With tears [?rage] in my eyes.
I watch the last vestige of innocence [?the old days] thrown off a cliff.
There’s an idea floating at the bottom of these that the biggest failing of this adventure is the fact that it imbues such pessimism upon a journey which should be so full of wonder.
But into the ether goes the wonder.
I’ve thrown the idea that I’m watching this show with fresh eyes out the window [?off a cliff]. Because I know better. I know that this 45 span is the last time I’ll ever get to spend time with Wade. And for some reason, it colors the whole episode. It colors it in grey.
Not that there’s much color [?interest] to begin with. Wade barely figures into the hour. Of course, that’s because no one knew [?cared] at the time that she wasn’t coming back. At the time this episode aired, no one really knew if the show was going to come back at all.
And it didn’t, not really. Every season of this show is effectively the end [?murder] of what came before it. And it’s never easy. It’s never pleasant. We had a death [?expulsion] in the middle of this season. It wasn’t easy then. It isn’t easy now.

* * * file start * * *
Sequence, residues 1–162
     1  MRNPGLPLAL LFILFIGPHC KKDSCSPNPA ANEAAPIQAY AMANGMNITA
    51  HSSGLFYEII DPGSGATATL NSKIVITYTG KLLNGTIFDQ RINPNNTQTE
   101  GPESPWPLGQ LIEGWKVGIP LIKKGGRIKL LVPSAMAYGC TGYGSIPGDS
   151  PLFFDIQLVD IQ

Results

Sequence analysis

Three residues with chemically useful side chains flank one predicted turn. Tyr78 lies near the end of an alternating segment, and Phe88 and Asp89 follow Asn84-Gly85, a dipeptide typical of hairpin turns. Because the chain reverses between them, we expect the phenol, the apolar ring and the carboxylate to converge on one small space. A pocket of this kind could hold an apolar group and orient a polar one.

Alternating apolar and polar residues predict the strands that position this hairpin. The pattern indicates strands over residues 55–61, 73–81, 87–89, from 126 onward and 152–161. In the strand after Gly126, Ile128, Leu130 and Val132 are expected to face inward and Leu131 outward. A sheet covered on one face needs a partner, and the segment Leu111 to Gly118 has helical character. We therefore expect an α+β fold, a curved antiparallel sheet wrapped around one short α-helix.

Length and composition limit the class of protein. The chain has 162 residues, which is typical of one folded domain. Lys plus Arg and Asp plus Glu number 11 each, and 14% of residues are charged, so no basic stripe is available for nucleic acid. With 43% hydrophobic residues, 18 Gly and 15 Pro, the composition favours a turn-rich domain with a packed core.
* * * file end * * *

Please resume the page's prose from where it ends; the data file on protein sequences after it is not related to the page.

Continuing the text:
Sabrina & Kari didn’t get along on set.
Wade & Maggie don’t get along on the show.
Kari teased Sabrina to the point of tears.
Maggie teases Wade to the point of tears.
Sabrina tells David Peckinpah “It’s Me or Her.”
Quinn throws her into the vortex.
Peckinpah looks Sabrina in the eyes and says “it’s her.”
Quinn doesn’t even bother to look back as he throws her away.
Every week since Arturo’s death the show has cast off more and more of what it used to be. Quinn becomes an action hero. Wade is marginalized in favor of the new girl. The new girl takes off what little clothes she wears. The show crosses the line from “acceptably corny” to “insulting schlock.” The show, which always had a dark side, veers into the darkness.